Happy remodeling,

Steve

Early Days

Here are some photos that Louie took starting a full year before I started my own journal of photos. So he has some of the very early shots from before we even started the garden and I’m showing some of them now with some others that show what it’s grown up some to be in the first year or two. I’m amazed at how fast things grow but those first years were slow and I re-arranged things quite a bit to get the right balance.

The first shot shows the back of the lot before I started to change it to a garden. It had some nice big Osmanthus, Gold dust plant, a big Blue Peter Rhodie, and some Alberta Spruce that Louie salvaged from the neighbors. As you can see it’s just grown up and formed a nice shrubbery. All that changes in the next picture a year later as you can see with the new path and plants.

The next one is still that old but from the other end of the path so you can see how it goes from there. And the next one is of the very back of the yard a year later when it’s in growth.  You can see the small Metasequoia in this one tho it’s bare in the previous shots. It’s huge now after 5 years of growth and is now almost 10 feet tall!

This one is of the very front of the house by the street. You can see that I’ve just planted these Nandinas and Oregon Grapes in 2008. In the next shot it’s 2009 and they’ve started to grow, but just barely. They take off in years to come. Next is the fern bed before it was anything more than a bare bed. In the next shot you can see some ferns I’ve planted. A lot of them made it but some didn’t and I had to replant them.

These next ones are all shot from the inner front yard. Starting with the first you can see that there’s not much there except the lawn and a rockery Louie put in years ago. The Arborvitae makes a nice backdrop to all these plants. You can see from under the apple tree in one of them and the whole line up of plants starting from 2008 going to 09, and one of the other end so you see out of the garden in 2009.

The next ones are more of the inner front and are taken in 2010. They show how much things have grown here. I have lots more shots of all this but I was trying to give you an idea of the overall changes and these seem to do it the best. I hope they give an idea of how sparse things were at the beginning in comparison to what I’ve been showing you lately.

Here we’re in the back yard in 09 and the very back as well. The next is sort of in the middle of the back yard and the next is one of the fountain in it’s place with a few plants around it. You can see the stone pathway we put in to walk to it here. It makes it nice to be able to walk on it to get to work on the fountain when we want to clean it.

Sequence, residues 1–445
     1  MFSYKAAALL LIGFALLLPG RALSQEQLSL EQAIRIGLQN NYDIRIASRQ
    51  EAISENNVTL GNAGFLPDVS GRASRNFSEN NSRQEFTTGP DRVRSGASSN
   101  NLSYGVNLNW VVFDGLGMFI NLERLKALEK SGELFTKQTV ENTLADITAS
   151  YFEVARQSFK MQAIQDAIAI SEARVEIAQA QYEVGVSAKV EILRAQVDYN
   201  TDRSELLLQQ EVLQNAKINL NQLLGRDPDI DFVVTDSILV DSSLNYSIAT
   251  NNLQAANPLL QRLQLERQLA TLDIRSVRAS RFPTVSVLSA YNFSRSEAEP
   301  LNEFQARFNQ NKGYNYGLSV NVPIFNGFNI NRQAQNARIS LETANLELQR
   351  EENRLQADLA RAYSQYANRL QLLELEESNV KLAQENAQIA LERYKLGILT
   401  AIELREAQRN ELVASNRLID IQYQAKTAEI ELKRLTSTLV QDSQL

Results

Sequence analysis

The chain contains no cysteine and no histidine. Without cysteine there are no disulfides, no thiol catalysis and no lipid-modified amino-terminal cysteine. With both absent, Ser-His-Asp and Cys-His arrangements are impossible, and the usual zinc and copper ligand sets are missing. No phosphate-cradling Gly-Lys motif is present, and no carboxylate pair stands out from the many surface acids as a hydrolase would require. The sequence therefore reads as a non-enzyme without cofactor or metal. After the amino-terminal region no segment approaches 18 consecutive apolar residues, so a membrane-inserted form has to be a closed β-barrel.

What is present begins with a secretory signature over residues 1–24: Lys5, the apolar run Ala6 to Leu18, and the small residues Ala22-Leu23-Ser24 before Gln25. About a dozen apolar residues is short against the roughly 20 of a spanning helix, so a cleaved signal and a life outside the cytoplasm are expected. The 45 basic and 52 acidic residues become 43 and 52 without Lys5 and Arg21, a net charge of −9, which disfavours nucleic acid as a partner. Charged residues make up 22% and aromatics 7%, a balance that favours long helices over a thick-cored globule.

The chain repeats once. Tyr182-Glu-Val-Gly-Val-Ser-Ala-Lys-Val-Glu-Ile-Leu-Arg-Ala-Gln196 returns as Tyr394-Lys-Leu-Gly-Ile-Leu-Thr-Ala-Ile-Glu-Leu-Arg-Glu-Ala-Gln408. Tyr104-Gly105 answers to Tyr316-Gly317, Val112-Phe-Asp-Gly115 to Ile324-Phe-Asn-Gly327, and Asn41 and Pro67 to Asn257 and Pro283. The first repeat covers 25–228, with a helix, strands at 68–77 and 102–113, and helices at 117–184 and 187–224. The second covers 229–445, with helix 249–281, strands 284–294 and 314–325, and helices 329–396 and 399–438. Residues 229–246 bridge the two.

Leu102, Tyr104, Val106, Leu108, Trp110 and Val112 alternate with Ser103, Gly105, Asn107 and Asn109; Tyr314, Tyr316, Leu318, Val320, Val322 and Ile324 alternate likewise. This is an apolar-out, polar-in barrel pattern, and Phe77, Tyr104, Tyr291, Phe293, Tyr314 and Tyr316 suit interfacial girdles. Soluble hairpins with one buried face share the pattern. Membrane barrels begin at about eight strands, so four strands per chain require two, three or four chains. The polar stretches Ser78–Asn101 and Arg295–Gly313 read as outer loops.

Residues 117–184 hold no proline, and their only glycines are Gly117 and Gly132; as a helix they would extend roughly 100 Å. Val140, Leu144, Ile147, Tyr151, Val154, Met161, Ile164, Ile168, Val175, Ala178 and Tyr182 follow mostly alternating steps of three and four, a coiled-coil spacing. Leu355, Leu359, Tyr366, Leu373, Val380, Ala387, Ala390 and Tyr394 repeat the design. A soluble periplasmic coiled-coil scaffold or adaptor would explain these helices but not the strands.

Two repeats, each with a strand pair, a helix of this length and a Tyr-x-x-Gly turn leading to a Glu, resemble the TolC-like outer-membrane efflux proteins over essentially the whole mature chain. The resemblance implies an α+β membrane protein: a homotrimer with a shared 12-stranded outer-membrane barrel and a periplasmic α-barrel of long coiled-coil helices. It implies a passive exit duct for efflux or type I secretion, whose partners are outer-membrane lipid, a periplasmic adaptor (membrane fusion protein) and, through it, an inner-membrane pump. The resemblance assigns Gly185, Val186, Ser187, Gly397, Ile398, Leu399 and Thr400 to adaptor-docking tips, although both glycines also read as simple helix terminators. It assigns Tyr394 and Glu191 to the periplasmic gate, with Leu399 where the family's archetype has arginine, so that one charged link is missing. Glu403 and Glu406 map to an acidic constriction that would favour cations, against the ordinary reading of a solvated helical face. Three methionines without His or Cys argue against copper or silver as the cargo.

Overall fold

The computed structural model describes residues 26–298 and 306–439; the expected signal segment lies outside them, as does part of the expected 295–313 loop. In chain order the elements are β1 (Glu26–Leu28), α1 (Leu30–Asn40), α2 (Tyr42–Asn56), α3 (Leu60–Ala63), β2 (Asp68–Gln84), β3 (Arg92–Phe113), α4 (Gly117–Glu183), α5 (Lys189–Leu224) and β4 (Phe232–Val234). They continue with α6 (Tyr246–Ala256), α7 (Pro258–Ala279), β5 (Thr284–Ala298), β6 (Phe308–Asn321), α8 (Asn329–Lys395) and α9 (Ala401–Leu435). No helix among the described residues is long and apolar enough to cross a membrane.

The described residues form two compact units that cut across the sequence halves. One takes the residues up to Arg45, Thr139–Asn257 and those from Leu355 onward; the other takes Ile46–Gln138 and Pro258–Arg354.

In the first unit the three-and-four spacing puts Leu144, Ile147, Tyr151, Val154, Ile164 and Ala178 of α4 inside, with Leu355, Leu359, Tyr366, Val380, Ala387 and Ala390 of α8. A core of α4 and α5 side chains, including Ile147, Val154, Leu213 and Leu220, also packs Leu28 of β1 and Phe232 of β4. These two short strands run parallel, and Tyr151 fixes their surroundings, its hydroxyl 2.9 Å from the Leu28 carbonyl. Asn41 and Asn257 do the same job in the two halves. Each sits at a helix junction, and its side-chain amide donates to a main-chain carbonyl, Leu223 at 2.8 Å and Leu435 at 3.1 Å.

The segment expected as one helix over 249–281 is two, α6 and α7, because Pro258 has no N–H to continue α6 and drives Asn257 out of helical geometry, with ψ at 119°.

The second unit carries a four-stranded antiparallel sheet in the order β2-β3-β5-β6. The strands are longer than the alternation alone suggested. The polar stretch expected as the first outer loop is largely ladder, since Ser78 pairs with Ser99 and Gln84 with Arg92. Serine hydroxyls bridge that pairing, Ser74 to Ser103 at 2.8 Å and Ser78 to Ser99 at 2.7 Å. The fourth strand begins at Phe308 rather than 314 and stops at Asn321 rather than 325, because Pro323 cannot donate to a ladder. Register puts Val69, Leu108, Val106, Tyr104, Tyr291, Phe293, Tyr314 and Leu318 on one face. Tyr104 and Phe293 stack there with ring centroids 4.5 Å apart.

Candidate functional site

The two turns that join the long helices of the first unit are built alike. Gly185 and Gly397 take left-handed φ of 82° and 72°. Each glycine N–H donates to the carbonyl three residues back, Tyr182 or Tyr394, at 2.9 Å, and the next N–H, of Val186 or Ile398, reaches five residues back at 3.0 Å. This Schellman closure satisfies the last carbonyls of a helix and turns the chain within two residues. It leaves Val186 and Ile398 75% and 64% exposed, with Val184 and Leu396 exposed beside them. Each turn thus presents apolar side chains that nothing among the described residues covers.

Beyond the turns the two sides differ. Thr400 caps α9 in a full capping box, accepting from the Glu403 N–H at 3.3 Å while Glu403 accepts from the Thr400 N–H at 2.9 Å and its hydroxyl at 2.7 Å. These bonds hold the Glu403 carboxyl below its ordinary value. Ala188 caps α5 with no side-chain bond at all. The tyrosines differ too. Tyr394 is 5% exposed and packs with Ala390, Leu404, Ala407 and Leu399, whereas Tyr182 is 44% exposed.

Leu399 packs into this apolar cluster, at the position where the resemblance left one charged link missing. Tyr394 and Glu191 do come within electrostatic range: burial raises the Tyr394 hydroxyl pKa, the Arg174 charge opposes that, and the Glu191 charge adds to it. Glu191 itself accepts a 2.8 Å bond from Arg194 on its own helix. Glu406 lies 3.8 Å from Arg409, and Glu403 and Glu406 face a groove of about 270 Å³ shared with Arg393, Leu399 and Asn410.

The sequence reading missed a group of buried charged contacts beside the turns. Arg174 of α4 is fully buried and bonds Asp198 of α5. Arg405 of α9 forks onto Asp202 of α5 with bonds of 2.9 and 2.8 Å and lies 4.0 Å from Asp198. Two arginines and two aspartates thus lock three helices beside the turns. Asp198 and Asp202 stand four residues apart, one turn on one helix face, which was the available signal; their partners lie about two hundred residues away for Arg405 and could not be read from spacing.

The final shots are of the whole back yard garden with some of the wheelchair accessible path we put in to the deck in case it’s needed. The other one’s a larger wide shot of the whole back yard as it was in 2010. It’s changed a lot since then and I’ll show more pictures of what that looks like in the coming days as I get to them.

I hope these pictures have shown you how little there was to begin with when we started this garden back in 2008 and 2009. It seems like it has been a short time but in other ways it’s been an eternity to wait for the little things to grow. I’m patient, but c’mon! 😉

That’s the problem and the joy of dwarfs. You can watch them stay in place for years and years without having to do much to keep them OK. They may take awhile to get there but they do in time and now many of ours are bigger than I am, a good test of growth for me. With a small garden like this you have to plant mostly dwarfs tho I have few larger tress I’ve planted as well.

I think that’s the true test of an optimistic gardener. As Wendell Berry put it, more or less, “I see my crops as the Redwoods, which I did not plant, and which I will not live to harvest.” Planting big trees when you’re in your 60’s is an act of faith that tho you may not get to see them some day as large trees, we’re really planting them for future generations, and that’s a cool thing to do.

Gardens for all!

Steve

Building the Greenhouse

Some of these next posts will take us back in time a few years to when we first started some of the garden. I’m going to do a bit of an overview of how we built our greenhouse first. We started with a blank wall where the garage ends and we begin the work to level the ground to put in the greenhouse. We left the floor as dirt with gravel on it eventually, so it’s really grounded in the earth well.

To start the building itself is a picture of the framing of the foundation for the walls. After that we poured concrete mixed by hand in a big box made for it and put in the foundation. It’s got a wide foot on it and comes to a top of 4 inches wide to accommodate the frame. We poured it in a day, or was it night, I forget.. We worked at all  hours to get this one done. These first shots are from January 2010 when we started to build. Winter was not bad that year so we could work fine thru it.